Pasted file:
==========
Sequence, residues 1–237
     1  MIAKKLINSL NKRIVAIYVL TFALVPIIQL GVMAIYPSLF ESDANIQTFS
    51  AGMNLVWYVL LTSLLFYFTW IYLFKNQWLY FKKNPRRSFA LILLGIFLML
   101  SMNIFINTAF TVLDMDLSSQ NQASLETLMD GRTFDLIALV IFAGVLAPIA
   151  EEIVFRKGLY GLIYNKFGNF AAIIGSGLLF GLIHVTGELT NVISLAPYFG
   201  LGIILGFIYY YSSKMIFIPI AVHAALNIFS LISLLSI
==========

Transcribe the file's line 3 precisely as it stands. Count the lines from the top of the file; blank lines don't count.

    51  AGMNLVWYVL LTSLLFYFTW IYLFKNQWLY FKKNPRRSFA LILLGIFLML